|Bjorkman, T - Cornell University - New York|
|Davis, J - North Carolina State University|
|Gomez, G - Cornell University - New York|
|Griffiths, P - Cornell University - New York|
|Hutton, M - University Of Maine|
|Kopsell, D - University Of Tennessee|
|Myers, J - Oregon State University|
|Sams, C - University Of Tennessee|
|Smith, J - Bejo Seeds|
Submitted to: HortScience
Publication Type: Abstract Only
Publication Acceptance Date: 7/2/2012
Publication Date: 10/15/2012
Citation: Bjorkman, T., Davis, J.M., Farnham, M.W., Gomez, G., Griffiths, P.D., Hutton, M., Kopsell, D.A., Myers, J.R., Sams, C.E., Smith, J. 2012. A transdisciplinary approach to developing an eastern broccoli industry. HortScience. 47(9):S408-S409.
Interpretive Summary: N/A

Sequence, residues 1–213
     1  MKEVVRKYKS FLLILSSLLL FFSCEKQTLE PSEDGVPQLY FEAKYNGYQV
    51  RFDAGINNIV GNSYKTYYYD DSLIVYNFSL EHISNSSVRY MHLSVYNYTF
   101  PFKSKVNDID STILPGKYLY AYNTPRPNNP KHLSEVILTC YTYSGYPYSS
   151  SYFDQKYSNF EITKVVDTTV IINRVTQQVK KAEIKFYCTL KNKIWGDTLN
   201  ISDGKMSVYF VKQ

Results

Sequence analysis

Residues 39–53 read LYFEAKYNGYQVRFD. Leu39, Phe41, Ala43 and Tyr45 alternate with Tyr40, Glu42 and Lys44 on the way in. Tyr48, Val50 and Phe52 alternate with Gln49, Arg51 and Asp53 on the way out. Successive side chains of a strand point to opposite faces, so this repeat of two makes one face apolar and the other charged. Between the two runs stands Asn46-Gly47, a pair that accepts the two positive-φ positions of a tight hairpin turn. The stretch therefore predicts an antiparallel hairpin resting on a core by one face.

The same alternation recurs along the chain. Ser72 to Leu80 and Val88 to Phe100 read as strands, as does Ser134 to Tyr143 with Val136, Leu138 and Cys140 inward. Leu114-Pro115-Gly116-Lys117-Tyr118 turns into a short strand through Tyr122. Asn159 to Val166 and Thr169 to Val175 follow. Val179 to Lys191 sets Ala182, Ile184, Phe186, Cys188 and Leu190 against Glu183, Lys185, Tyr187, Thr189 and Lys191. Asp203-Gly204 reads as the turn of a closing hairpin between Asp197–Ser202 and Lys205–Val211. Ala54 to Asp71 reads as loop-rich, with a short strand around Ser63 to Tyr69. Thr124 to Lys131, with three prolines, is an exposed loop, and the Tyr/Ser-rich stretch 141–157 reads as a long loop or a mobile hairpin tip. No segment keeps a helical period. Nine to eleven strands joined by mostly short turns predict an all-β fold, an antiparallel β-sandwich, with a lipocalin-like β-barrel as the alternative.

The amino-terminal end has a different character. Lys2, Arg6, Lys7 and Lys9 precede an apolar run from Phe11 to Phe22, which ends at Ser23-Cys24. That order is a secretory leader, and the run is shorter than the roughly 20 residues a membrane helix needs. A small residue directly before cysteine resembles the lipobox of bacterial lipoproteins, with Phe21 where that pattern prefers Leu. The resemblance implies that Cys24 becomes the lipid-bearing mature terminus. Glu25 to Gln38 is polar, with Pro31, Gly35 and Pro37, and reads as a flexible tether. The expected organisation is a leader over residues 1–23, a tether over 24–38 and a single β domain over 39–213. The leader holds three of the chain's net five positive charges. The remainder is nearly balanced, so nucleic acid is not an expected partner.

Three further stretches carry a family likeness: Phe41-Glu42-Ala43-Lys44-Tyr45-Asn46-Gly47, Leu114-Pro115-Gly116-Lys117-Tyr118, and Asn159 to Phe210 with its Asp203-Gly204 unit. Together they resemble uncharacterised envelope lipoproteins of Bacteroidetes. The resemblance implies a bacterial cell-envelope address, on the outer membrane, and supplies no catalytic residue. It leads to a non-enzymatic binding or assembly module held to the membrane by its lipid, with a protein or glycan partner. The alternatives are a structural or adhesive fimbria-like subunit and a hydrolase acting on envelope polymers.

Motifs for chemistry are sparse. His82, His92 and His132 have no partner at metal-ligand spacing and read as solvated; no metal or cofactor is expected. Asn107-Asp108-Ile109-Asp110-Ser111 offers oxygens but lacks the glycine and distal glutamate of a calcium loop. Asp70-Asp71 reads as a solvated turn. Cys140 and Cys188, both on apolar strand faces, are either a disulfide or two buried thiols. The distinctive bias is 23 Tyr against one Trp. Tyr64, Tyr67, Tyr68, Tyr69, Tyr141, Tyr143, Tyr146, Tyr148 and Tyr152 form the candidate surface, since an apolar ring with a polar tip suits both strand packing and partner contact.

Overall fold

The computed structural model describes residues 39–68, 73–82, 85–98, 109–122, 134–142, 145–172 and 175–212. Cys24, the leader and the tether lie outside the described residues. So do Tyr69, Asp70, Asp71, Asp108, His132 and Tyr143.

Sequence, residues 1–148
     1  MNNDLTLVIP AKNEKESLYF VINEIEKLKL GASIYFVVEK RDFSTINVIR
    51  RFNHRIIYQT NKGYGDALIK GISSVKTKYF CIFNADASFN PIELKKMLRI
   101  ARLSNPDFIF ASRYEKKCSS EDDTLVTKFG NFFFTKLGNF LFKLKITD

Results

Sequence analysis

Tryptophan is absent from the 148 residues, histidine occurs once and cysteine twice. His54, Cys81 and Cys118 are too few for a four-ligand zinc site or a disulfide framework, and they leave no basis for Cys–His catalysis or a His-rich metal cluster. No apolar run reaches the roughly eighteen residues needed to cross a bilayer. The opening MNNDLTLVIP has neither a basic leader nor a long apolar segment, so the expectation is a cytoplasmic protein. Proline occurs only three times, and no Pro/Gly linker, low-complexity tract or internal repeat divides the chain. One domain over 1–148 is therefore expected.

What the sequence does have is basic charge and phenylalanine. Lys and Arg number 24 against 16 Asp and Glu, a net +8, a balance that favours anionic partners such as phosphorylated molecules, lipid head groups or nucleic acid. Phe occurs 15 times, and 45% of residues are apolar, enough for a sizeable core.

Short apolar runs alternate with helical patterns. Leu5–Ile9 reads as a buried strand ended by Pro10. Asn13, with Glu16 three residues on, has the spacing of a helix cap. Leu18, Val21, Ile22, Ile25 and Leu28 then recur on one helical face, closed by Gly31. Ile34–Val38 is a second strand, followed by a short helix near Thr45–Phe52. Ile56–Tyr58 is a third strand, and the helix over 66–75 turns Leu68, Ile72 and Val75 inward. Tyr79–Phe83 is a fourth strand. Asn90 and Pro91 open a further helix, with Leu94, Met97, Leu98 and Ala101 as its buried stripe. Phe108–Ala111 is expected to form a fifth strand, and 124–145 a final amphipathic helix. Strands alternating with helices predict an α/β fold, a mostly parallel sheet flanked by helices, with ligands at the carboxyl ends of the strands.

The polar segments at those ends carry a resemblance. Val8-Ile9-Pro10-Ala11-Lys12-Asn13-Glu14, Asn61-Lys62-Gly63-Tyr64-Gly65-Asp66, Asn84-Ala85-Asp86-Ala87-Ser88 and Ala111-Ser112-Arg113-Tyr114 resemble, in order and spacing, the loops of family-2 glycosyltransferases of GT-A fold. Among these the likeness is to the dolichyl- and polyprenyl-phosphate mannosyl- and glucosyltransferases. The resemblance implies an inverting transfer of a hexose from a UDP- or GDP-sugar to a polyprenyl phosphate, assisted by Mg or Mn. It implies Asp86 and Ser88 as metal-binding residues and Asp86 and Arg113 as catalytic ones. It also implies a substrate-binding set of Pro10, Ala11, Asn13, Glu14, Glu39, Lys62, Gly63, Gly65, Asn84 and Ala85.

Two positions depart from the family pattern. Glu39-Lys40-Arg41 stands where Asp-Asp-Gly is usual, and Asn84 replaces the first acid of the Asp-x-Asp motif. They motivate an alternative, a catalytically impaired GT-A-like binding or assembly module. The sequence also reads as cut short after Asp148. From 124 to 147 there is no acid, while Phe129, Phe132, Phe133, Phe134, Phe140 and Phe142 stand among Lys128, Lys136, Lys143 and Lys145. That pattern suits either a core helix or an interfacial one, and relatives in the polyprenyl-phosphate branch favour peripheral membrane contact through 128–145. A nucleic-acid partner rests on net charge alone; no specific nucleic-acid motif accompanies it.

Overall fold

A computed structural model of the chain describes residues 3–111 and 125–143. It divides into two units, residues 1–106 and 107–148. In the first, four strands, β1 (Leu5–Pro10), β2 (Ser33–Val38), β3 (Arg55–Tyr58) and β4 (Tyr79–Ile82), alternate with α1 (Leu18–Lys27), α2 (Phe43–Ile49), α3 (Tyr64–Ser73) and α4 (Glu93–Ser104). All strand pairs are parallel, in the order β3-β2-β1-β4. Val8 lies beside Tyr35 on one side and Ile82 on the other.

Technical Abstract: Current economic, social and scientific situations have made it attractive to establish a substantial and profitable broccoli industry in the eastern US, where several obstacles have prevented that from happening previously. Because many barriers must be overcome simultaneously, we assembled a transdisiplinary team of public and private sector participants in to ensure a well-coordinated effort. The project began with SCRI funding in the summer of 2010. The scientific breakthrough that made the effort possible was the development of broccoli breeding lines that continue to make uniform buds despite temperatures that normally arrest that process. The first component of the project is to move that trait into varieties sold by seed companies. In concert with Bejo Seed USA, Seminis Vegetable Seed, Syngenta Seeds and Johnny’s Selected Seeds, new crosses are being made to achieve this goal. Second, regional trials have been established across the east coast to assess wide and specific adaptation of new materials, discover genetic and environmental bases for improved nutritional quality, guide further breeding efforts, and select the best materials for release. Third, the seed companies will identify new varieties for release and develop procedures for seed production and marketing. Fourth, we are building and strengthening grower networks that can market sufficient product for year-round supply regionally, using cost-of-production benchmarking for profitability, the most competitive production and post-harvest practices, and GAPs compliance for food-safety. Finally, we are working with distributors and retailers to build acceptance of the new product source. The integration involves feedback to the breeders from the regional trials and from eastern buyers’ and consumers’ acceptance of any variation from the western norms; to extension on crop budgets and optimal post-harvest technologies; and to distributors and extension on optimal regional distribution channels. The whole project is designed so that each commercial participant sees improved profit, has access to raw materials and has a strong market for their product. That must be true for each step in the chain from the seed companies to the growers, distributors and retailers. Society will benefit from reduced fuel use for transportation, a stronger rural economy in distressed areas, and a stronger regional food system.